September 2017 \ News \ MIND AND BODY
Beginning of end or End of beginning

Almost three years ago on taking up the Presidency of the World Psychiatric Association, representing over 2.5 lakh psychiatrists around the world, we set on a journey together to raise the profile of some themes related to mental health of underserved populations but also focusing on mental health of women facing interpersonal violence,

By Dinesh Bhugra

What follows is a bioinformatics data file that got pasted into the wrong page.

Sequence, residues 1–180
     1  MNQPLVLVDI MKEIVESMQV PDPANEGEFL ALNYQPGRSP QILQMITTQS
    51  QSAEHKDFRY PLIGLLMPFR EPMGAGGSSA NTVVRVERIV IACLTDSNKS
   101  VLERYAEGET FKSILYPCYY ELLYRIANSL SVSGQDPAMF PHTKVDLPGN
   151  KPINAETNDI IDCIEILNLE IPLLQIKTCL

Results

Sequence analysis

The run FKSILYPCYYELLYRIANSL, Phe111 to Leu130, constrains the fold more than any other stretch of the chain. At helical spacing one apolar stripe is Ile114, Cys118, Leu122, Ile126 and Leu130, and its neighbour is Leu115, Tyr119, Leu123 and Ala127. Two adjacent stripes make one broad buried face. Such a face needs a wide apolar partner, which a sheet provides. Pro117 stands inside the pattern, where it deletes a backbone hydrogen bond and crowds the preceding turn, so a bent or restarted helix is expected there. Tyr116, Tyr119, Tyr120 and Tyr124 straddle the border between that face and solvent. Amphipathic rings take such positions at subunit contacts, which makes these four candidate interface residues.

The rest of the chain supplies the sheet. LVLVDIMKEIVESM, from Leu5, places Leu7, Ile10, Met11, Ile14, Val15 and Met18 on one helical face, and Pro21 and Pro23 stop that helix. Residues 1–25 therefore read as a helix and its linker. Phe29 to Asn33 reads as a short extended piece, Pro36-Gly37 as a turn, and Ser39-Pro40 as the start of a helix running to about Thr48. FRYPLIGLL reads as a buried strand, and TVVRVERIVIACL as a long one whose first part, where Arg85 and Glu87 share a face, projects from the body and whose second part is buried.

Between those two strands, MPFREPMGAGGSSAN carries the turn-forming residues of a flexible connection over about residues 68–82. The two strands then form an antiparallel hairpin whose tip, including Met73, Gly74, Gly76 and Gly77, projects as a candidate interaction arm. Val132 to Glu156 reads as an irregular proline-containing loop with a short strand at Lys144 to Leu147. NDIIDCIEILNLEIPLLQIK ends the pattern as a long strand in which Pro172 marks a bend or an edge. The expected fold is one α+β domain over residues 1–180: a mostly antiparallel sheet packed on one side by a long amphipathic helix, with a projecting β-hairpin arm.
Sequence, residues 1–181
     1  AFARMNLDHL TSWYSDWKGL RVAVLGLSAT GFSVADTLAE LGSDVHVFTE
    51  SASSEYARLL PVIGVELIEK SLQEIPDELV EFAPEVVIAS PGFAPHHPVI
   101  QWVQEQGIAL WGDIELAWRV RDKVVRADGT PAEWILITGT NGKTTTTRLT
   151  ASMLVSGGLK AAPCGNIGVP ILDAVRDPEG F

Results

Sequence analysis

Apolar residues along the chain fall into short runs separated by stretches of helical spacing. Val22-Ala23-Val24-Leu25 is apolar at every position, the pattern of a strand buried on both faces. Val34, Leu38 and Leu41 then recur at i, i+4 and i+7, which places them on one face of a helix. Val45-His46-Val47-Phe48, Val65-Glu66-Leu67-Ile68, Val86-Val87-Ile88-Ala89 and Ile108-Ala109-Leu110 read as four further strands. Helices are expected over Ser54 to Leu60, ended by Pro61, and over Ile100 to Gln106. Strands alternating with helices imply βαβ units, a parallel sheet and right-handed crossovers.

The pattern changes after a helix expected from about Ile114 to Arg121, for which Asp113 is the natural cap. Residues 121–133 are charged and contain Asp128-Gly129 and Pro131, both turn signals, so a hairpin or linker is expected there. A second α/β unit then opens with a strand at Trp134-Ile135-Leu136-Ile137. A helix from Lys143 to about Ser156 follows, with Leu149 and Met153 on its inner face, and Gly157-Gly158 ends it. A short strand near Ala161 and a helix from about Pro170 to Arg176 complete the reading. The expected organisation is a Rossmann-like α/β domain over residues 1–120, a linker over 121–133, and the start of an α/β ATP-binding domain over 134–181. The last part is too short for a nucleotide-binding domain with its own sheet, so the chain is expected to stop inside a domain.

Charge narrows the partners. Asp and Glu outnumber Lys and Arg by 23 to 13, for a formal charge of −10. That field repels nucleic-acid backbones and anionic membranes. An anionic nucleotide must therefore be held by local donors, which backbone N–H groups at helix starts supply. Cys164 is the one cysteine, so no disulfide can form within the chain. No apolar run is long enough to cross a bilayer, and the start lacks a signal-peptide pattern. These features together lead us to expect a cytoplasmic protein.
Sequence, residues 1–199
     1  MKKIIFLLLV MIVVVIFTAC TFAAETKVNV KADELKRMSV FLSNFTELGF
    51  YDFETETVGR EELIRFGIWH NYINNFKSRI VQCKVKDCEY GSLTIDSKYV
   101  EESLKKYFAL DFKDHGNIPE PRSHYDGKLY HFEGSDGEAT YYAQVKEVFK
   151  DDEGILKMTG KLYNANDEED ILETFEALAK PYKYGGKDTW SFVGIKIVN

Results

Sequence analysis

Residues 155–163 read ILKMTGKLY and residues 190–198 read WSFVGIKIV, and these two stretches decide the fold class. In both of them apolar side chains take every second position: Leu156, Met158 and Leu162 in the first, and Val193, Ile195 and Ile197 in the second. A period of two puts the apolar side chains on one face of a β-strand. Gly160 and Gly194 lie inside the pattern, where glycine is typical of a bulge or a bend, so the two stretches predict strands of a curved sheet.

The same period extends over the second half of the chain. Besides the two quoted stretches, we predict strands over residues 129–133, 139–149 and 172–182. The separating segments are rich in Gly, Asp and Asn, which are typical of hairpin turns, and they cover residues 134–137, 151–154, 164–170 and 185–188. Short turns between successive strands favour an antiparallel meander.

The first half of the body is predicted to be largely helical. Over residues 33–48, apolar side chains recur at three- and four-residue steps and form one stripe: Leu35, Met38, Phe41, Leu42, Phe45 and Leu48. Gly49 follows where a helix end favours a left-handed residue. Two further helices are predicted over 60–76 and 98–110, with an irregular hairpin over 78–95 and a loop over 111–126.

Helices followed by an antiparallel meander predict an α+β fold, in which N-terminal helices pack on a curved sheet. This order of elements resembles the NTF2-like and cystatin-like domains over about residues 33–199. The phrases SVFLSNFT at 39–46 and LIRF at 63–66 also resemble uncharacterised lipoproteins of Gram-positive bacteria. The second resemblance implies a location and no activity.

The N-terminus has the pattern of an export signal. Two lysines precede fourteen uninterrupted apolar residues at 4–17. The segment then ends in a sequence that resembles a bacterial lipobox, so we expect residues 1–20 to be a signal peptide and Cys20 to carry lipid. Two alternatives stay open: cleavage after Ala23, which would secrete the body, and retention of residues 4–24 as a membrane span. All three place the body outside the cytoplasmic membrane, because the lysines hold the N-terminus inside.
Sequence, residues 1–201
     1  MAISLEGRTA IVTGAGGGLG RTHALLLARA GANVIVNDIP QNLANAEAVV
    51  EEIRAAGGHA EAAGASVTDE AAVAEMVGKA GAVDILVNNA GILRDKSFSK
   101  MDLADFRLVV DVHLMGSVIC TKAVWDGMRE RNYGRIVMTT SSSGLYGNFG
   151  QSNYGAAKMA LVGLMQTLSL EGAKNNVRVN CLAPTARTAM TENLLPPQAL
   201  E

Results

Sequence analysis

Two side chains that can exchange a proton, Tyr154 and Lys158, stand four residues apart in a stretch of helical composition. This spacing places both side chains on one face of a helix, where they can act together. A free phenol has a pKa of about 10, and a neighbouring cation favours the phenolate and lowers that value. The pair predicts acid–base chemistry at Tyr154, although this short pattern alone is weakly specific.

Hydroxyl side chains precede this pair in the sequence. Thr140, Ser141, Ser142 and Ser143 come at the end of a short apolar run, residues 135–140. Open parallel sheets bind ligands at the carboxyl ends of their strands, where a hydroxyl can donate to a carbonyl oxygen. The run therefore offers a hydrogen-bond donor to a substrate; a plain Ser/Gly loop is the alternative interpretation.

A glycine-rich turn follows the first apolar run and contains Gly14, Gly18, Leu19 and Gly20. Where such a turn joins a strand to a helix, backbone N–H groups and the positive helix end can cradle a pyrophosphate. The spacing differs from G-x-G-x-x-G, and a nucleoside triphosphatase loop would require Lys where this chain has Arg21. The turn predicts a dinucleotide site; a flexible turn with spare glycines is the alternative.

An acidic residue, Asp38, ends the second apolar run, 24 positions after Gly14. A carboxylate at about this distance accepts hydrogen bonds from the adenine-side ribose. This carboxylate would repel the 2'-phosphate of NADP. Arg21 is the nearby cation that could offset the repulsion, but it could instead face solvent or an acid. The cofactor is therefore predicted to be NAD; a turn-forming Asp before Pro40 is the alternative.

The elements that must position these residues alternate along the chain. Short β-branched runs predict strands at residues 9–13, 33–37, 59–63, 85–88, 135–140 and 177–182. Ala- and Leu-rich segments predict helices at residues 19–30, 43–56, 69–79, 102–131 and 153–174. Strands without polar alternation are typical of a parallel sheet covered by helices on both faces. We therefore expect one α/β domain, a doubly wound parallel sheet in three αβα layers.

September 4 of each year has been identified as ‘World Mind Matters Day’. In 2015, the WPA launched statements on migrant mental health. This had major implications as globally there are several million migrants, refugees and asylum seekers. The ‘Second World Mind Matters Day in 2016’ focused on our findings from a global survey. Looking at the legal system across 193 member states of the United Nations we studied discrimination against persons with mental illness in four areas: political, social, economic and personal in the laws of each country. The levels of discrimination remain frighteningly high across the globe. Nearly one third of the countries do not allow people with mental illness to get married. Fewer countries provide supported employment or right to vote. As a result of these findings, the WPA produced a Bill of Rights. Over 60 organizations around the globe have signed up their support for this. This Bill of Rights was launched in the House of Lords in London in October 2016. The logo of Blue Butterfly is the campaign symbol for Social Justice for People with Mental Illness3. A special issue of the International Review of Psychiatry4 has published these findings in details along with examples of minimum standards of service as well as examples of good clinical practice. As examples of learning a series of Round Table events were held on migration, on violent radicalisation and early interventions in psychiatry. Prevention is always better than cure. A series of WPA Position Statements on migration, training of psychiatrists, post-natal mental health, homelessness, high quality training in psychiatry, on five reasons to be a psychiatrist, on gender identity and same-sex orientation, attraction and behaviours, on environmental sustainability, on recruitment in psychiatry, on suicide prevention, on preventive psychiatry, and on spirituality and religion in psychiatry have been launched and all of these can be accessed on the WPA web site. On International Children’s Day in 2016, WPA launched a Bill of Rights for Children and Young People. On International Women’s Day in 2017, WPA launched a position statement on perinatal mental health.